When the digital media industry became more technology and strategy focused, Deepend decided that it had to preserve its original kudos. “We were worried about the cultural side of Deepend,” says chief executive Lockton. “Everyone who joined Deepend had joined a design company, and we wanted to protect those people. For cultural reasons, we could not imagine [the group] still working if we threw in a whole set of strategists and technologists. We decided that a better way was to set up separate ventures that would provide the technology and strategy,” he explains.
Hence the proliferation of companies with different names under the Deepgroup umbrella, all of which deal with specific sides of the digital business, but also free Deepend from site maintenance. “We decided that those companies could benefit from a relationship with Deepend, but they might want a choice. They can be autonomous if they want to be,” says Lockton.
To preserve the Deepend brand worldwide, Deepgroup is currently completing a “brand bible”. “It’s a set of thoughts,” explains Lockton. “We want to keep the overseas offices and the other businesses autonomous, so they
can pick and choose appropriate elements . It’s the same way as the management works in Deepgroup. The overseas entities run separate businesses. We don’t set the rules. They run a separate budget and we ratify it. They can work with who they want and employ who they want.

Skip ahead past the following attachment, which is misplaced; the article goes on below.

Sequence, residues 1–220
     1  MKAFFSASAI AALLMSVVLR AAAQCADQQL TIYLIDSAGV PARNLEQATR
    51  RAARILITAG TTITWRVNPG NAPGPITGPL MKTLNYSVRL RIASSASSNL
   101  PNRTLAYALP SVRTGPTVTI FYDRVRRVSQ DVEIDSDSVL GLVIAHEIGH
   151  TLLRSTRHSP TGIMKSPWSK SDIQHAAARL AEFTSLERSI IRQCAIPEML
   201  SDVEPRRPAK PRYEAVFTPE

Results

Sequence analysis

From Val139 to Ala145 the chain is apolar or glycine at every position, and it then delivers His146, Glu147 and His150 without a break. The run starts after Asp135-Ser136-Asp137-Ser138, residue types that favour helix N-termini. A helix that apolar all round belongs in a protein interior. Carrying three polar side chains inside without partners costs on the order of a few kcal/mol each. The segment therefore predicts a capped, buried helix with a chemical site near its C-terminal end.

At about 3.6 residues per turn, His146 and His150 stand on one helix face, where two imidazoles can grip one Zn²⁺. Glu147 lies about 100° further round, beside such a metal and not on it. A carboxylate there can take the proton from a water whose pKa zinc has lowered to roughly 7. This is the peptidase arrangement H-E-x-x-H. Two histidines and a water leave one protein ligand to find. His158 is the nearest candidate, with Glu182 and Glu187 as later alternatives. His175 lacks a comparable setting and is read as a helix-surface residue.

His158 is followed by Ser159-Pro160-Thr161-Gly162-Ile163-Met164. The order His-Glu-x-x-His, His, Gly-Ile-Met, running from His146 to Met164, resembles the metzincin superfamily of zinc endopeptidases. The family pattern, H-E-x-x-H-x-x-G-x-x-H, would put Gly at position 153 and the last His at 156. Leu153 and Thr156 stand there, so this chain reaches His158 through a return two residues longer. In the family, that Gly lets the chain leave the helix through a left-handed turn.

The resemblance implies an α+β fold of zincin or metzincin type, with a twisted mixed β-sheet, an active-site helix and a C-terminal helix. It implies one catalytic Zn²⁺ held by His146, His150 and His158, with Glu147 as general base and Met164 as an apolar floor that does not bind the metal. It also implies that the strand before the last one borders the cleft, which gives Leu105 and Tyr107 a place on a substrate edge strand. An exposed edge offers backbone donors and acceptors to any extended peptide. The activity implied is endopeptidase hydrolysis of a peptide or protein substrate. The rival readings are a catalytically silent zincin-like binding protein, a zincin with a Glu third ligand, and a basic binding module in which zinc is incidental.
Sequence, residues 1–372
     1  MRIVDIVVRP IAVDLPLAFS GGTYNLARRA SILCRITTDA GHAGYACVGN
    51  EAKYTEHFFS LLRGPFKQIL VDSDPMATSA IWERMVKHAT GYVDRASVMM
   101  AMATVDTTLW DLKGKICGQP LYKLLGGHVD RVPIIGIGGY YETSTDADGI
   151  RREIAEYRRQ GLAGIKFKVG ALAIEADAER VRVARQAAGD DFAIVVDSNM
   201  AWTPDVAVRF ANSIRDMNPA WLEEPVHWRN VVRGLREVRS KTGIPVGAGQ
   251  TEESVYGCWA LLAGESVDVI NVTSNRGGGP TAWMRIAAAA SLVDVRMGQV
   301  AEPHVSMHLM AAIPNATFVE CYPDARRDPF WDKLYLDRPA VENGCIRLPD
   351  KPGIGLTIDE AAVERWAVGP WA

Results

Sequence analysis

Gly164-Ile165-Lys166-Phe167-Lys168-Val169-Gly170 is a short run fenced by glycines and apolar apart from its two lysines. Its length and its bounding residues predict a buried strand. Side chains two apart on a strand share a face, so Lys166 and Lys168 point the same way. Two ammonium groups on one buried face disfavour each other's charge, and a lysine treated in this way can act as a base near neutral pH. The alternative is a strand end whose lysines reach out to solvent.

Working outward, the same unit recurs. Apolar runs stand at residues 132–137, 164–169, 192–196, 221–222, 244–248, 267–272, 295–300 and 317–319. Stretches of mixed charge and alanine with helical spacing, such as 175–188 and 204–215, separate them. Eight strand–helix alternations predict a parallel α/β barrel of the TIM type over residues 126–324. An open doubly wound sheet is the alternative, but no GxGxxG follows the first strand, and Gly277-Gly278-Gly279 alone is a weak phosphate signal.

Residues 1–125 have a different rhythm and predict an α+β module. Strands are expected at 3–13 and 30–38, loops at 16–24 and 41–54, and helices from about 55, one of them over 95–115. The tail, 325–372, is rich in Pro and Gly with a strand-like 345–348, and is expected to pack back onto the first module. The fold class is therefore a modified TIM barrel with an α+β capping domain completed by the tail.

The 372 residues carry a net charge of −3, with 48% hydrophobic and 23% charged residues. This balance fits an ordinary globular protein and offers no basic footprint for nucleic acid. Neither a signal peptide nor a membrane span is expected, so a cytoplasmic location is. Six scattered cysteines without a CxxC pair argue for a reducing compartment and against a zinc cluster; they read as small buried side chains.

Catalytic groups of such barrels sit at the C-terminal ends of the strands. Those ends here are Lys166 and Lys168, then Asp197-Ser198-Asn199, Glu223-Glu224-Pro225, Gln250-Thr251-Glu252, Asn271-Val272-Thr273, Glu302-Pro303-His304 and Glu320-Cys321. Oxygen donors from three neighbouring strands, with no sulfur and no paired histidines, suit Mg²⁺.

“The aim of Deepgroup is to provide help and resources to the other companies. Deepgroup [in itself] does not make profit. We provide centralised marketing, finance, accountancy, strategy and technology to all the other groups. It makes sense to centralise it, because since we don’t have external backers we must be profitable.” This relaxed attitude has so far paid off, and most offices have managed to plug into the indigenous market and continue to build up their own reputations.
Deepend Rome, set up in 1998, is creating websites for Italian Television Rai, as well as for design and architecture magazine Domus. Deepend Sydney has just completed work for Quantas and the Museum of Contemporary Arts. The planned opening of Deepend Prague this year will prove whether the Deepend brand can translate into the East European market.
While Airtight and Gluemedia are expected to open offices in New York next year, and new sites for Backend – which already has a branch in Bangalore, India – are being considered, worldwide expansion for the sake of it is not an aim of Deepgroup. “We want to consolidate the Deepend tradition. We don’t want to become too big,” says Lockton.
Meanwhile, Deepend London continues to ride the digital wave with new clients such as Nokia, Stella and The Society Of Typographic Designers. Its moving image team has recently designed the on-screen titles for BBC productions Ruby and Choice World Clubbing. So far it has not been affected by staff cuts like other digital groups.
Today, the founders of Deepgroup are happy to take a back seat and let the designers speak through their work. “It’s not just a business strategy,” according to Lockton. “It works for us. We lay out the arena and people naturally work together, as they’re good at what they do. There are few rules and little control. We nurture the group rather than order it around.”